How to test your angular application within meteor

May 11, 2015

Combining the power of angular with the reactiveness that meteor provides makes development a lot easier.
There currently is no documentation on how to test this configuration.
Let me introduce you to making your applications robust and clean by writing unit tests.

In this tutorial I am going to be testing a small controller for a chat application.
We want to be able to:

  • receive messages from meteor
  • save a new message

Before we can do anything we need to setup our environment.

Installing meteor

Follow the instructions for your OS on the official meteor website.

Installing angular

meteor add urigo:angular angular:angular-mocks

First we will need to install angular and angular mocks. Integrating angular has been made incredibly simple.

Installing velocity

meteor add sanjo:jasmine velocity:html-reporter

Velocity is the testing framework of choice when it comes to meteor. I am going to be using it with jasmine.

Running the meteor application

With velocity and angular installed run your app and open your browser.
You will notice that the velocity interface will appear on the right.

Notice that velocity indicates that there are no tests. Let’s generate a simple skeleton.

Generating tests

generate client tests These tests will be executed automaticly due to velocity’s reactive nature.

You might notice that a new instance of your browser has opened. This is where your tests will be executed. If you want to hide the browser instance. Run meteor with the JASMINE_BROWSER environment variable.

JASMINE_BROWSER=PhantomJS meteor run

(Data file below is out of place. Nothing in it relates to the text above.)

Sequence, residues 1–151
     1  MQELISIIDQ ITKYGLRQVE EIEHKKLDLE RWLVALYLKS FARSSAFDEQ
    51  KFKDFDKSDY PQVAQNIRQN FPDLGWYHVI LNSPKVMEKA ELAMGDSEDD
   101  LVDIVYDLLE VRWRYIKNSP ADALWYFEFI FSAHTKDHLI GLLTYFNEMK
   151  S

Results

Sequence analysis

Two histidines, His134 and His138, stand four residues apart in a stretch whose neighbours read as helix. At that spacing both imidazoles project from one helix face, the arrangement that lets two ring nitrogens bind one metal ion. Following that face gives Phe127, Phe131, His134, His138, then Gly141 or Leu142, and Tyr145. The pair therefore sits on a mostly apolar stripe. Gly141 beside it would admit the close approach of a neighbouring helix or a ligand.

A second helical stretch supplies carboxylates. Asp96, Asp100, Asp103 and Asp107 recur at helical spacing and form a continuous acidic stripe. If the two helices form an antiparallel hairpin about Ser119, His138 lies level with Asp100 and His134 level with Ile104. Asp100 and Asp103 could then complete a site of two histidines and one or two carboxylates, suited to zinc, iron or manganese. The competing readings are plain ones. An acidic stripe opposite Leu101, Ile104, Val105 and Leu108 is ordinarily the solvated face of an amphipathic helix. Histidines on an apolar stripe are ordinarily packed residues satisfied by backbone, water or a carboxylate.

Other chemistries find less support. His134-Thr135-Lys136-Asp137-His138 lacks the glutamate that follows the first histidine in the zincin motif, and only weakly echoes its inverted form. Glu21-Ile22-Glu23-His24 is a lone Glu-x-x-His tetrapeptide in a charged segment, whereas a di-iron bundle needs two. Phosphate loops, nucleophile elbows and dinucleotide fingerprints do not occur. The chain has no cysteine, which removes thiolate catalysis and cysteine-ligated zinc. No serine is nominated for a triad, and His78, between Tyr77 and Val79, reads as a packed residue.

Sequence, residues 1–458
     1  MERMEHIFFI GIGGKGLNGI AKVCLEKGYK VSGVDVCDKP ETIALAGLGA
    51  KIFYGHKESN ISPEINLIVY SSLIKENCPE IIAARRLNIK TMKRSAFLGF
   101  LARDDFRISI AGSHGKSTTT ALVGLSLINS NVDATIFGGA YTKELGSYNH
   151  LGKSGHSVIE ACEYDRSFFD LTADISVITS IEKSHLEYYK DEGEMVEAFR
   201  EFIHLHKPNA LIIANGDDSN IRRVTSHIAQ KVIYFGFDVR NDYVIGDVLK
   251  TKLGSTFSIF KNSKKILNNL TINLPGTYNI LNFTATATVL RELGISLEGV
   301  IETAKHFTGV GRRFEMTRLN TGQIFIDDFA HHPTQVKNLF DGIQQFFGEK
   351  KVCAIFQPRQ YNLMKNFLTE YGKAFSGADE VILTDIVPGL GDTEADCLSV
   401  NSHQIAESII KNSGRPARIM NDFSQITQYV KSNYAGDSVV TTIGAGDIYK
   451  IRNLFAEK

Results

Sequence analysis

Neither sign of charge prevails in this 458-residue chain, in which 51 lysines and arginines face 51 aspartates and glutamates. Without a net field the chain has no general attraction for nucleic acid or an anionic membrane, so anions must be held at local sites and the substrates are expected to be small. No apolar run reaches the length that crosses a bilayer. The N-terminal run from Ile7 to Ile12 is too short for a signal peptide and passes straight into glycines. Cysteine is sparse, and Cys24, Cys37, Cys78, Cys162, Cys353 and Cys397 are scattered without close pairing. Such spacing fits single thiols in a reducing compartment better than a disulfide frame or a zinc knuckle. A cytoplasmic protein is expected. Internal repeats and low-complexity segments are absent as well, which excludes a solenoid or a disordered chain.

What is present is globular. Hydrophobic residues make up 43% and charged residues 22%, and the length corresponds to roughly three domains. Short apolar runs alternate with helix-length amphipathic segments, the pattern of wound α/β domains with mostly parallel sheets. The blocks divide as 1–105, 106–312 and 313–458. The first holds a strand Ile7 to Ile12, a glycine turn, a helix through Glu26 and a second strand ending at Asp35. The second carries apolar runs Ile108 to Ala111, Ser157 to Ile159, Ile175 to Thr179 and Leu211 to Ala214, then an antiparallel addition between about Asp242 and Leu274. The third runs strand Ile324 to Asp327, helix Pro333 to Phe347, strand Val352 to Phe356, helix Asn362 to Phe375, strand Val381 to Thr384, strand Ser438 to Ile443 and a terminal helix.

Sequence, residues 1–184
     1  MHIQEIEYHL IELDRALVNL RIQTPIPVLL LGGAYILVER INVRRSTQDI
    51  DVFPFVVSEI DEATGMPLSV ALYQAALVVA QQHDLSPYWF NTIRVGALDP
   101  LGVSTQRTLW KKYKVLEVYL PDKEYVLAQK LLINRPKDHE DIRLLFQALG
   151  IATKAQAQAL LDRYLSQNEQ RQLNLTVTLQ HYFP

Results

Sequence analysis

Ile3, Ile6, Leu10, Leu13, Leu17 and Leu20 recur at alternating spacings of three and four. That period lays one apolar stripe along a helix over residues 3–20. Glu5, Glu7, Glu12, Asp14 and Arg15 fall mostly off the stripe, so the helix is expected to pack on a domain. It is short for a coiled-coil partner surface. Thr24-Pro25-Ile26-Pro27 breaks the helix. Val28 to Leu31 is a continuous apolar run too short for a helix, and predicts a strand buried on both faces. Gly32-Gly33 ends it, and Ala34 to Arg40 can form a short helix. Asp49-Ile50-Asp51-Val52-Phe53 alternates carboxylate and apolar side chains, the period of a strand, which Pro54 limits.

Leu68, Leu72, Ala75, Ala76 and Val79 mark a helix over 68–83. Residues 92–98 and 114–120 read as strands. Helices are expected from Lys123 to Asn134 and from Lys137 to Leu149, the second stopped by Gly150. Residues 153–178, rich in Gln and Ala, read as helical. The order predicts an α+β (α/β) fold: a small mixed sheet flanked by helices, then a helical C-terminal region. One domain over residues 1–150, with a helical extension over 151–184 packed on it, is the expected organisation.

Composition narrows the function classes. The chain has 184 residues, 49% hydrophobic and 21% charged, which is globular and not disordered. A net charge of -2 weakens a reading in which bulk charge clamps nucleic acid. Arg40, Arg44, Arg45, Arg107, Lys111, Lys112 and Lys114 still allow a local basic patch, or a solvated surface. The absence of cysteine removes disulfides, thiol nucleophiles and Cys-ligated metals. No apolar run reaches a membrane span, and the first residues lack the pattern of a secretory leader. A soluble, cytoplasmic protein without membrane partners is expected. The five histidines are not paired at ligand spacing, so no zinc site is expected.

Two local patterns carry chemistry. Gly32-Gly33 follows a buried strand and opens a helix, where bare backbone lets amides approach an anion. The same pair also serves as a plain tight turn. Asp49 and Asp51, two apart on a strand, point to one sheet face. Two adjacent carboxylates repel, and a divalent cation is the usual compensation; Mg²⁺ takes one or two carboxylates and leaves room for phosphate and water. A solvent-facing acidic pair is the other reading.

Writing our first test

Create a new file called test.js under tests/jasmine/client/unit.

First we have to create the module and get the controller.
This is standard angular boilerplate test code but notice that I use messages.
Check out the implementation of the message service here.
I like to wrap my $meteor calls inside a service which makes testing a bit easier.

describe('MessageCtrl', function () {

     * Get a new controller before each test is executed
    var $controller = {}, messages = {}, $scope = {};
    beforeEach(inject(function (_$controller_) {
        $controller = _$controller_;

     * Messages will be used to make mocking of the actual Messages easier
    beforeEach(function () {
        messages = {
            getCollection: function () {
                return [];
            insert: function () {


Now we are ready to test the controller. Let’s take a look at our first test.

it('should have messages', function () {
    var expected = [{_id: 1, text: 'my message'}];
    spyOn(messages, 'getCollection').and.returnValue(expected);
    $controller('MessageCtrl', {
        $scope: $scope,
        messages: messages

There is one message in our fake database. We expect it to be available in the controller through$scope.messages.

Watch velocity run the test and you will see that the test fails. This is because the module does not exists yet. So let’s make one in a file that is accessible by our client.
Let’s call this file

* Don't forget the `angular-meteor` dependency. Angular needs it to communicate with meteor.
var app = angular.module('app', ['angular-meteor']);

Now we have to define the controller.

app.controller('MessageCtrl', function ($scope, messages) {
    $scope.messages = messages.getCollection();

We have defined the controller and because we are using getCollection the first test passes!
The only thing we have to do now is to make sure that the message can be saved.

it('should be able to insert a message', function () {
    spyOn(messages, 'insert');
    $controller('MessageCtrl', {
        $scope: $scope,
        messages: messages

We need to add the insert function to the scope of the controller. That function has to call messages.insert with some text.

app.controller('MessageCtrl', function ($scope, messages) {
    $scope.text = '';

    $scope.messages = messages.getCollection();
    $scope.insert = function () {

That’s it! We have a functional controller and two tests to make sure it works.
Have a look at the repository for the entire code.


The reactiveness of meteor makes development a lot faster but it is nice to stand still and appreciate the value of testing.

I am really excited about meteor and will probably post a lot more about it.
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Thank you for reading.